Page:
Wednesday, September 25, 2013
Book Review: The Slap by Christos Tsiolkas
I had read many negative reviews of the book prior to starting it, which made me very hesitant. It appears that you either love it or hate it. Below, I try to organize my thoughts as I try to make sense as to whether I liked it or not.
The Slap is extremely polarizing, as evidenced by other reviews I've seen. Some people are immediately turned off by the vulgarity in the language and sex scenes, while others praise the gritty story telling. I must say that for me the polarizing event itself was the slap. I agree that a stranger shouldn't hit a child, but this child had been repeatedly unruly and his parents should have disciplined him rather than praise or disregard his behavior. Yes, it was a wrong thing to do, but it was blown completely out of proportions by the mother of the child who was unable to move on from that event. If anything, her actions made me believe that the real abuse what was she was doing to her own child. The strong opinions of the characters were frequently unpleasant and the plot and setting are not outstanding, so I'm left with a bitter opinion of the book.
The chapters are told from the perspective of a single character. The story moves through them, so you see progression even if you see it somewhat disconnectedly. About half of the book is progressing towards the court, where Harry is to stand trial for having slapped the kid. Yes, you read that right: the mother wants him to go to jail for having slapped her misbehaving son. After that, the story feels anti-climatic, though the slap is referred to again and again. At this stage, the plot just meanders in order to place characters together and see the sparks fly.
A problem, however, is that you see through the characters only a single time. A chapter, though usually quite long, is not enough to see a full progression of the character. The two exceptions are Hector and Aisha because they actually evolve within their chapter. For the others, we do revisit most of them, but always from a separate point of view. It would have been much better to have had a smaller cast of characters and to revisit each in the later part of the story so we can see how they have changed with the plot. As it's told, most of the character stories appear cut off and static.
My first impression of the characters was extremely negative. Rather than appearing fleshed out and real, they resembled caricatures. Despite the different socio-economic background they all sounded too similar. It made it look like the author used a single template and changed only a few minor things to create his cast: this one is a woman, this one is muslim, this one is gay, etc. I suppose the author was trying to show that everyone is similar, but it feels like a half-hearted attempt and instead leaves you exhausted after reading about their equally strong, yet uncompromising opinions and their stereotypical views. Only towards the end of the book do you realize that there are indeed subtleties and variations in the characters and you become invested in their stories.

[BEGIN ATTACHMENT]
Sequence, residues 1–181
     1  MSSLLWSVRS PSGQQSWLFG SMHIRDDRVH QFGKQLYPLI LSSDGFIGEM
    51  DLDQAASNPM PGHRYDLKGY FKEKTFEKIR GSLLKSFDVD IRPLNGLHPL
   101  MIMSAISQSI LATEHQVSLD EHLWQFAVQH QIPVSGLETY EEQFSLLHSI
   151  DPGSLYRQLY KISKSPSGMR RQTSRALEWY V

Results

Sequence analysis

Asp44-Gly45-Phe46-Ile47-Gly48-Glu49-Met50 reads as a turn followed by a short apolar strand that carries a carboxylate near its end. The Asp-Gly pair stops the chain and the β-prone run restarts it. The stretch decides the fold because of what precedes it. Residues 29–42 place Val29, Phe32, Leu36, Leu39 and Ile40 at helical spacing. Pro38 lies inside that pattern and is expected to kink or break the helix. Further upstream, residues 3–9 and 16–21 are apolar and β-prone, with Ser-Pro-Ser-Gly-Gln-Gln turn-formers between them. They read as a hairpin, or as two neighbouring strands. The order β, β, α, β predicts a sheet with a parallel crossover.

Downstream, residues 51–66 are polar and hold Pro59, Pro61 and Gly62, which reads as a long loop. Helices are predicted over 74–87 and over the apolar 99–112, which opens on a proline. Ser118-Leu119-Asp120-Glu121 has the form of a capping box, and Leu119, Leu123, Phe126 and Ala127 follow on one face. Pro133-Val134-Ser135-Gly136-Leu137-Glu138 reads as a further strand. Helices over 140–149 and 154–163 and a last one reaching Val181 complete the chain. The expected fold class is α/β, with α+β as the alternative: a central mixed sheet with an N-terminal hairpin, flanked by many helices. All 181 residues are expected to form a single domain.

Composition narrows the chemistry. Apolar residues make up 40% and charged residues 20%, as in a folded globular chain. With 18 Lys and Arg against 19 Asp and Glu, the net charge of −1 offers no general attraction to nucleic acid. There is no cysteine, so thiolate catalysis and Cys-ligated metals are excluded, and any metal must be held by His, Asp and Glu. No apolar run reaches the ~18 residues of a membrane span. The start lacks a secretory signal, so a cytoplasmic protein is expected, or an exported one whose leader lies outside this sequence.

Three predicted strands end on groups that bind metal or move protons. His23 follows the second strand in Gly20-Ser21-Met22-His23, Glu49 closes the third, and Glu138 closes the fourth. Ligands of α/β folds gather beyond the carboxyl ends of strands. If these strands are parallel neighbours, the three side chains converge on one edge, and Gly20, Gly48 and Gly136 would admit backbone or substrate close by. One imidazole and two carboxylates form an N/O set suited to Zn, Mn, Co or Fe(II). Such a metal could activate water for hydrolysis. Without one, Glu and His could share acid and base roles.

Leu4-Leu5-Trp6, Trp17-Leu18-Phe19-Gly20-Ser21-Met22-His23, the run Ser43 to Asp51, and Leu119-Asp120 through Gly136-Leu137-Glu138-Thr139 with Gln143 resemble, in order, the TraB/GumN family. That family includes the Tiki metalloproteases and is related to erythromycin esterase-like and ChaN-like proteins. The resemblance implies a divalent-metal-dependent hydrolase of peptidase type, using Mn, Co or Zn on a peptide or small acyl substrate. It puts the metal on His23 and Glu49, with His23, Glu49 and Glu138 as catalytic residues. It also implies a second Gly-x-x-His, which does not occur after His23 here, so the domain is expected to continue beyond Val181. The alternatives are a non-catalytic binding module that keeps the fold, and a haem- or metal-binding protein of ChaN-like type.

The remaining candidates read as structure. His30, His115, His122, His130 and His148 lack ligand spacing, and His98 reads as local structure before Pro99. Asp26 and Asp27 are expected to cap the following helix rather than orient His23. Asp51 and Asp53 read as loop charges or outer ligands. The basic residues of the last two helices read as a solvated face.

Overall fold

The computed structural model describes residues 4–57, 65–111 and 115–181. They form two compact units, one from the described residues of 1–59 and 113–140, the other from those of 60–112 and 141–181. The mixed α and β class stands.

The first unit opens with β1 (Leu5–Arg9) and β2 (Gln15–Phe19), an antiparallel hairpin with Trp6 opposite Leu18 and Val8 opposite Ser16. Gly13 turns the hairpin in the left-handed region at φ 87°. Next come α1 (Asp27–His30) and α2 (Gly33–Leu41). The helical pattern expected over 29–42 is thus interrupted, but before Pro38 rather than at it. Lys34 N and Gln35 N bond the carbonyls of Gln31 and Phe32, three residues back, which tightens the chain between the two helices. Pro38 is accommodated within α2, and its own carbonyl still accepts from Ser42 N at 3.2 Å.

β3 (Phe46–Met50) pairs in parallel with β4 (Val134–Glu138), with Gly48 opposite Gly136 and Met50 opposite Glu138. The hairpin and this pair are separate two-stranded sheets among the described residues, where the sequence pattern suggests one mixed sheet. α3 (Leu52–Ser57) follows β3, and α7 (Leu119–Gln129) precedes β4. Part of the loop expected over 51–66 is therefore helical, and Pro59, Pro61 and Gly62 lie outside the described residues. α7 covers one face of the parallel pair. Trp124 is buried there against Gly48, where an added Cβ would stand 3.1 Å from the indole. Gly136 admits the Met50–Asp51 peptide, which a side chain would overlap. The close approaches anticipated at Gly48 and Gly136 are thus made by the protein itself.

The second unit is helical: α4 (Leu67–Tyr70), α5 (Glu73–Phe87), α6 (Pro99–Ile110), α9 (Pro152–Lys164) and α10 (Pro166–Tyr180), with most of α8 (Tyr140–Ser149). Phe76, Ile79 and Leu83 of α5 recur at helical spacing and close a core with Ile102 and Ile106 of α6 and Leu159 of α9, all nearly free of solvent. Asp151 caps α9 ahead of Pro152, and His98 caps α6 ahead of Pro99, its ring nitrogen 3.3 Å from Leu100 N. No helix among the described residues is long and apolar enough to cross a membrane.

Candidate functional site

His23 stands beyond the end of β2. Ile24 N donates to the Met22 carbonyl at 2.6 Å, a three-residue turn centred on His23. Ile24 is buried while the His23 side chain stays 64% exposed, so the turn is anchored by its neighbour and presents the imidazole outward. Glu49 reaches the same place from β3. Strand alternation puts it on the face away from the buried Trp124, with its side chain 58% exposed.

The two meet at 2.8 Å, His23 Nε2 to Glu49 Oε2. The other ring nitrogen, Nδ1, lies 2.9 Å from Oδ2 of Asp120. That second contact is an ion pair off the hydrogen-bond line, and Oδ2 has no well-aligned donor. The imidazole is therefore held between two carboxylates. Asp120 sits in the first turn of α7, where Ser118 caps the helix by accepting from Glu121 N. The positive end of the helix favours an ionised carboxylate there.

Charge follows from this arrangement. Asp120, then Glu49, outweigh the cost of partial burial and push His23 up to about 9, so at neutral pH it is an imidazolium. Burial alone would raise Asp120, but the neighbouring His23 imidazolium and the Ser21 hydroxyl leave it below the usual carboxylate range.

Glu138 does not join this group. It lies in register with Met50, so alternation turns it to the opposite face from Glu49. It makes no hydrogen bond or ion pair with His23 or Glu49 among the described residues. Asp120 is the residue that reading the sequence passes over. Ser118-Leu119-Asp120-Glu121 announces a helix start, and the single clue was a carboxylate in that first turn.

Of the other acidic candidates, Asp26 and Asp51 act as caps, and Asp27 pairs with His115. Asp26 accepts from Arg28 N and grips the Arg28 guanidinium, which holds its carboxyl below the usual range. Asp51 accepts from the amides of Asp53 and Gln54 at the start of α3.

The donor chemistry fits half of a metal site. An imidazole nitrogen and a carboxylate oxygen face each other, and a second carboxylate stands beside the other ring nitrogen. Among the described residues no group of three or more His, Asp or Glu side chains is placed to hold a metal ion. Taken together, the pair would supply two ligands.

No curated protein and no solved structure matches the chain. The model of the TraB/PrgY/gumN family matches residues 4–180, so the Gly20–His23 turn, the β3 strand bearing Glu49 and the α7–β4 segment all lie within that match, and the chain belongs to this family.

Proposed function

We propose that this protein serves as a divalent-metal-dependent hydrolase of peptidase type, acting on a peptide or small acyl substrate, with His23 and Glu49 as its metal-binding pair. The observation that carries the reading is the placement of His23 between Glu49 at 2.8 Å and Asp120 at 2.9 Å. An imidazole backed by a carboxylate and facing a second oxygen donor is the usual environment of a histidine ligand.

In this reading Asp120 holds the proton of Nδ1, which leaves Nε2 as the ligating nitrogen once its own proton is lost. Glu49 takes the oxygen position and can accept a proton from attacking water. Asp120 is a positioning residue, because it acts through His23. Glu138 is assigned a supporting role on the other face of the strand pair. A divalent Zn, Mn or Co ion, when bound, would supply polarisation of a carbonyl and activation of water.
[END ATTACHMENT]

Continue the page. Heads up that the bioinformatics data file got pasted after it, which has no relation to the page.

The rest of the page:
Unfortunately, the characters are pretty much all messed up in various ways. Because they can't be happy, they set out to destroy one another. They talk about how they want their children to be respectful and honorable, but none of them show that themselves. All the enmity between them really gets to you and wears you down. Of course, in real life people get angry and hurt others, but since all we're getting are snapshots of the characters it feels a lot more concentrated.
The story reminds me of one of the versions of the story/parable of the two monks and the woman. Two monks reach a stream and a woman demands their help to carry her and her bags across. The elder monk carries her and she leaves without thanking him. The younger monk fumes about her rudeness and when he speaks up the elder monk says something along the lines of: I put the woman down by the stream, why are you still carrying her? To me, this says something about forgiveness and letting go. Half of the characters in The Slap appear incapable of forgiveness and are unable to move on, reliving the slap over and over.
Setting / World Building
The story is set in Australia, mainly in the city of Melbourne. We do see snippets from other places when a few of the characters travel or have flashbacks. I have never been to Australia and was completely unfamiliar with the area. However, in the end this feels like it could happen to any large family in any cosmopolitan city in the world. Very little was required of me to transport me to this setting. This is in contrast with a prior book, Black Swan Green, which takes place in a rural town in England with lots of slang and colloquialisms I didn't know. Having lived in Los Angeles, I am more familiar with big cities and having lots of cultures clashing together.
When I read a book, I immerse myself in the story. I become the characters, carry out the plot, and explore the setting. Perhaps not everyone reads the same way I do, but it means that I allow stories to evoke feelings in me. When a story has banal, shallow, or repulsive characters, I have trouble enjoying the story. This is one such book. Maybe if I distanced myself a bit more, I would have better enjoyed it.
In the end, the social commentary about culture, family, forgiveness, raising children, and the varying opinions on each was interesting, if delivered a bit heavy handedly. It is certainly a book that forces you to think and confront a lot of your biases and opinions. This is not a light read, so if you are giving it a go I would recommend detaching yourself from the story and, above all, try not to take any sides. The controversial nature of the slap, however, will make for some very interesting discussion at the book club.